Perhaps this is why most of these stories were previously unpublished. A few were, with appropriate credits. But maybe the lack of main character power to decide their fate is why the rest were not.

And this may be picking a nit, but I noticed a style convention that eventually rubbed me the wrong way. In almost all of the stories (9 of 11), the first sentence begins with the main character’s name. “Egan Ginger pulled into Saletcroix…” “Bruce held Ro-boy tight against his chest…” “Jen Cable awoke before the alarm sounded.” While it is always better to name characters early, so the reader can begin to picture him or her in the mind sooner, this felt like too much all the time. I would have preferred some variety in how the stories began. Because once I noticed it, I couldn’t not notice it again, and that may have distracted from my reading pleasure.

Favorites:  Because these two had characters taking charge of their situation, I found “Along the Grain” and “Forever and a Day” to be the strongest stories. Their main characters didn’t just watch; they tried. They strove for something. They may have failed, depending on the definition, but at least they didn’t just sit and watch as the world passed them by. For that reason, I would put these two at the top of the collection.

Rating:  Overall, I would give this one 3 of 5 stars. Enjoyable read, but nothing I’ll want to pick up again or have in my permanent collection.

Extremely Bad Advice – Sloppy Neighbors

Dear SJ: My neighbor has been inviting us over for dinner for months. We went once and were quite disgusted. The place was a mess. Pizza boxes on the floor, dirty clothes all over, old newspapers and mail covering all the counters, and the cat’s litter box is right in the middle of the room with little pieces scattered in front. We had to move decades-old piles of food trash to sit at the dinner table, and even then I could barely see my wife on the other side. I can’t imagine that these people raised two children in a house like this. I am not interested in going again. So far we’ve been able to have convenient “plans” every Friday with my wife’s teaching schedule. However, the semester has come to an end so they know we’re no longer busy on Friday nights. How can we politely decline this invitation?

Yours, CONFLICTED IN CHICAGO

All right, here’s the deal, Conflicted. It’s clear from the situation inside the house that these people don’t give a shit about themselves or you. If they’ve let the place go half as much as I imagine it’s probably just a month away from being featured on a Hoarders: Special Edition episode. In situations like this, remember: It’s not about the stuff. It’s about the imbeciles behind the piles.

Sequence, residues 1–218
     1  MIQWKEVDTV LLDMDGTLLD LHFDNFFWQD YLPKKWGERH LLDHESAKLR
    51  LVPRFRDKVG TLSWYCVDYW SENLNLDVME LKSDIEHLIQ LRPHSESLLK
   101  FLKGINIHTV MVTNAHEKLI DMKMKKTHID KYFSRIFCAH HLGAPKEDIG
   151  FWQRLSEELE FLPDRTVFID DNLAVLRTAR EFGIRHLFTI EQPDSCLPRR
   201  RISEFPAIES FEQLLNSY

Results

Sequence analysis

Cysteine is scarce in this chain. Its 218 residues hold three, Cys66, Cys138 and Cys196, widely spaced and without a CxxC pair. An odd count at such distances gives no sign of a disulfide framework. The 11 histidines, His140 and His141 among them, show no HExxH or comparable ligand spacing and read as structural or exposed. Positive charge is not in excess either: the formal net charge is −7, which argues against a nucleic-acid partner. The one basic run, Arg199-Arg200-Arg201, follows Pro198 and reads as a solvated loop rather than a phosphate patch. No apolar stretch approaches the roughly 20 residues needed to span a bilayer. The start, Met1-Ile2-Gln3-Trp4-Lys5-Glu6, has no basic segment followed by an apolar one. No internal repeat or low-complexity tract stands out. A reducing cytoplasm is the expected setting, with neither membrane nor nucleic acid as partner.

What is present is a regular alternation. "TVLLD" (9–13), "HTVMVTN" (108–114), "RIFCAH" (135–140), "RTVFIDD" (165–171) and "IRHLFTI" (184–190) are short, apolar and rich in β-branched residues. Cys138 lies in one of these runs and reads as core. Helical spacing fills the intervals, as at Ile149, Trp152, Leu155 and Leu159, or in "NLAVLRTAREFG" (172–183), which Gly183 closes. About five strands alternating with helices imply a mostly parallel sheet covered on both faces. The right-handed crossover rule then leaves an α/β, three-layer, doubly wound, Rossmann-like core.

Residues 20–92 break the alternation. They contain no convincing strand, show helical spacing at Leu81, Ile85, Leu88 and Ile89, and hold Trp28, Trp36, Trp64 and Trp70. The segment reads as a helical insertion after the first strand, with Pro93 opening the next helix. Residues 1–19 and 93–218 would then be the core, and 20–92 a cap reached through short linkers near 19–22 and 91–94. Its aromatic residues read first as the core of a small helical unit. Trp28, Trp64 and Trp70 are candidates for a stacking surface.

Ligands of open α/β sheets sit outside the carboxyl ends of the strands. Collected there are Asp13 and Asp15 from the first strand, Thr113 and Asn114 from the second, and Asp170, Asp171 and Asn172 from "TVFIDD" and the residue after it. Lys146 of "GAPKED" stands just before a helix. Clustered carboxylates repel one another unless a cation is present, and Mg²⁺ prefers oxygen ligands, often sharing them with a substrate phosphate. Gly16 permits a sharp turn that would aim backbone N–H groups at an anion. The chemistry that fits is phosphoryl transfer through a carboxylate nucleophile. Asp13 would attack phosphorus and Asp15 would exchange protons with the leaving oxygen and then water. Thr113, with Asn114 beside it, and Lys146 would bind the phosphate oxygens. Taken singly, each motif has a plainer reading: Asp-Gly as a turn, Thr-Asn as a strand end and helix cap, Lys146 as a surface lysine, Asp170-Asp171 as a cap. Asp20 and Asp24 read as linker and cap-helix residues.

This couple is so dense they can’t see the feces right in front of their faces. [Hahaha! Made myself laugh with that one.] Instead of building a better future for the next generation, people like this and their progeny are lowering the average IQ of their community, the state, and, unfortunately for the rest of us, the nation. This couple puts paid the adage “Some people shouldn’t breed.” And the sad part is they’ve most likely trained their children to do the same. Thus, since you and I have a vested interest in making this world better, the solution is obvious.

You need to take a Molotov cocktail to their place when they’re sleeping one Saturday night. Now, I say Saturday, because, just like anal sex, I’m going to ask you to take one for the team soon. It’s not great in the moment, but you know the outcome is going to be totally worth it.

The next Friday they invite you over, you need to accept their invitation. Go, have that dinner of expired kibble with the side of dried-up roach wings. Wipe your mouth with the cum-stained sweat socks they offer you as napkins. Excuse yourself for a minute after dinner, and that’s when you and your wife have the most critical task: find and disable all their smoke detectors. It’s not enough just to remove the batteries – you’ve got to get in there and cut the wires. And you’ve got to be good – we don’t want any unfortunate misses on this one.

Then, on Saturday, make sure to call those kids and remind them how much mommy and daddy miss them, want to see them, and really, really, really need them to come home for the night. If you can do that, we’ll all owe you a debt of gratitude. And don’t worry – your conscience will be clear as a forest stream for all the good work you’ve done. Good luck, and happy snipping!